This video is a discussion of material design concepts such as print based elements, the material metaphor, motion, and "bold, graphic, and intentional".
- [Instructor] Developers do not need to know all the details of material design. However, they should understand basic concepts and layouts not only so they can recognize a good design when they see it but also they can understand the philosophy behind the designs which allows them to improve their implementation. When Google says material's the metaphor they mean that it models things in the real world. Think about shapes laid out on a piece of paper squares, pictures, circles, text. Each shape is laid out on a background to create a picture.
This is similar to how old print advertising pieces were put together. It is an important concept that none of these shapes should break the laws of physics. Let's look at some examples. If a shape moves or spins it should never move through another shape on the same location elevation. The animation on the right shows us what we should not allow to happen. If an element has a lower elevation and moves onto the same space as another object it should appear to move behind it.
If higher, it should appear to move over it. In the image on the left we can see that one item is clearly over the other. You never want to have two items that occupy the same space at the same elevation as shown in the image on the right. Shadows not only give the illusion of depth but also of real world lighting. In this animation, we can see the shadow change as the elevation of the item changes.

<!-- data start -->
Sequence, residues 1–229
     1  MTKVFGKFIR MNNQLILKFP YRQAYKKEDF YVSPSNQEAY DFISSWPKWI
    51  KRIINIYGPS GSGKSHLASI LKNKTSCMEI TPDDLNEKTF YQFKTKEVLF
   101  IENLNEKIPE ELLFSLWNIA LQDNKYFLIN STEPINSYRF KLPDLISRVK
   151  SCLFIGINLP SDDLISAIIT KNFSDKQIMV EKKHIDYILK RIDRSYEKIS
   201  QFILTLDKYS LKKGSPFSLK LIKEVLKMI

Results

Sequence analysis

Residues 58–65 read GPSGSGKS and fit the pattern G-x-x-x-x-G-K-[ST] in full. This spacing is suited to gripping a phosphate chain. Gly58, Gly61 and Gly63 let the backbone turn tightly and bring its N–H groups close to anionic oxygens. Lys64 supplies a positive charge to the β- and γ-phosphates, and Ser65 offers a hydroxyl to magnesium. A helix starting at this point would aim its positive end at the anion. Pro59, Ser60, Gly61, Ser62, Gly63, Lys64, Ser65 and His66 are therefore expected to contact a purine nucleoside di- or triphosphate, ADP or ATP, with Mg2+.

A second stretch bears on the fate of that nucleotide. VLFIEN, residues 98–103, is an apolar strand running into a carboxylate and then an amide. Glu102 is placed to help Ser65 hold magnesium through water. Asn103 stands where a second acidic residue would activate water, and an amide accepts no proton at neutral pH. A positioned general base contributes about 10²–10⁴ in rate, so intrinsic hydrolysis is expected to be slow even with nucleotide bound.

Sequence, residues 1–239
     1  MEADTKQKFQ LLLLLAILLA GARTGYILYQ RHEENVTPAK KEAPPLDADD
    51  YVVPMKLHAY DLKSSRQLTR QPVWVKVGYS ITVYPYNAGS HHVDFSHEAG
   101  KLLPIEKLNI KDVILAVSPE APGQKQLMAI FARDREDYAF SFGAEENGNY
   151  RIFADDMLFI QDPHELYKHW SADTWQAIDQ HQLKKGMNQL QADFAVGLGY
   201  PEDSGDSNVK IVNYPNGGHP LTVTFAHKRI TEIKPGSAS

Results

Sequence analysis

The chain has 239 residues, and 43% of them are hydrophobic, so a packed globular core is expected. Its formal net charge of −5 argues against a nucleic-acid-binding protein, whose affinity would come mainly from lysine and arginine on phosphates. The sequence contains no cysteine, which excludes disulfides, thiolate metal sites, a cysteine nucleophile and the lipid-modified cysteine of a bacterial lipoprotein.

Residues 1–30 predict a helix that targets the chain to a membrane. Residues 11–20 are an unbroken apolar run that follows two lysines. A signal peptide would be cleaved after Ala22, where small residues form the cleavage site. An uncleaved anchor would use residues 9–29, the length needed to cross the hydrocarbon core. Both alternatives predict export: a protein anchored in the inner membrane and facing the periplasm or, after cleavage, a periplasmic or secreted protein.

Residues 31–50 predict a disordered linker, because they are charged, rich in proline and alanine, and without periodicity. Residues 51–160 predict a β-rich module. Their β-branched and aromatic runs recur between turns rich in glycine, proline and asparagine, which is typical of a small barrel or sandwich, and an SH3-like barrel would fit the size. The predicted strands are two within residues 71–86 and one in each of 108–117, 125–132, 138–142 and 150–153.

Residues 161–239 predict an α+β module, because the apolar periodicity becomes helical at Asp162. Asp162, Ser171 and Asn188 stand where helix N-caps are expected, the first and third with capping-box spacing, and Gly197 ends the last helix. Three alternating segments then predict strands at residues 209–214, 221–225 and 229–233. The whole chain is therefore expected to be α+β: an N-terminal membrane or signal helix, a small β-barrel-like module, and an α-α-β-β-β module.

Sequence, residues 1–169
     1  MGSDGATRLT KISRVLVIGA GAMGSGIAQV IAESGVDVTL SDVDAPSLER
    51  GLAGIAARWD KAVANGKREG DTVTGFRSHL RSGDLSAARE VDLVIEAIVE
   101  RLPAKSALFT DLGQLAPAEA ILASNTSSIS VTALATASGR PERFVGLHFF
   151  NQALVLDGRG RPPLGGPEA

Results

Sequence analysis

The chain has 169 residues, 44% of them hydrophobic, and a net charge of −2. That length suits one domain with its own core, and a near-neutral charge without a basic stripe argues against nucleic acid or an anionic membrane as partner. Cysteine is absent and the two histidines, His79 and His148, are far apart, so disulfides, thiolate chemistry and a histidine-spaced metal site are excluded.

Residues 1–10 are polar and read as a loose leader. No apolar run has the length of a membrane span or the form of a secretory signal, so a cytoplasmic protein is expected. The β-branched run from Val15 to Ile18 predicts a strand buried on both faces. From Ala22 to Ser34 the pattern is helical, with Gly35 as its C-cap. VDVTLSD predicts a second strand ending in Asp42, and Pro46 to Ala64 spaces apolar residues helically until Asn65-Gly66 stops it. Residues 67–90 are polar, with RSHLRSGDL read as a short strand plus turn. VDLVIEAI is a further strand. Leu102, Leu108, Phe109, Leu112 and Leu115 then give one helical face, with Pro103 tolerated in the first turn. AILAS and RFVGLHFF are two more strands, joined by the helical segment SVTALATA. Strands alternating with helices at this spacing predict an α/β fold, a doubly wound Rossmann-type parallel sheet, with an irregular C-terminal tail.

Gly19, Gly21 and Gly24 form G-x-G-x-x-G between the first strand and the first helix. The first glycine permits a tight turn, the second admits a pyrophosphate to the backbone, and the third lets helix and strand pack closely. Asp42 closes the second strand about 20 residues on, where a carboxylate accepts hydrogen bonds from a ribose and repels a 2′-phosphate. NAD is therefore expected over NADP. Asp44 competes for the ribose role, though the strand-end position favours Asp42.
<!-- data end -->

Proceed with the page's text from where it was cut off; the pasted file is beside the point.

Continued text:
The colors that are selected are designed to work together for an immersive experience. To catch the application user's attention white space is used in conjunction with the shapes on the screen to create a pleasing but intentional experience where everything has meaning. In the image on the right the notes section is making a great use of white space. Colors and shapes that don't convey meaning and continuity should not be used in the application. Any time an unusual color or shape appears in the design it should be obvious why it is there and what role it is playing.
It should also be obvious to the application's user when user interaction is available. All interaction should happen on the foreground and you should never be able to touch an object behind another. Items on the screen may move and that movement should provide some meaning for example, when selecting an item in a list the description may move to a detail screen that appears. There are plenty of things to think about with our shapes that we use with material design. They always have an X, Y, and Z axis with the Z axis being represented by a shadow.
Think of the items as flat pieces of paper. They have a thickness of one dp which is a density-independent pixel. The objects in the material screen can come and go and their existence on the screen should denote some sort of context. A save button may appear only when a save option is valid but otherwise be hidden. These material design concepts should be on the forefront of any developer's mind when creating an application that uses material design.
- Breaking down a material design layout
- Adding AppCompat
- Adding icons and floating action buttons
- Animating the appearance
- Creating a RecyclerView
- Creating a ViewHolder
- Modifying the adapter
- Adding CardView
- Adding transition animations
- Adding a Snackbar
- Working with CoordinatorLayout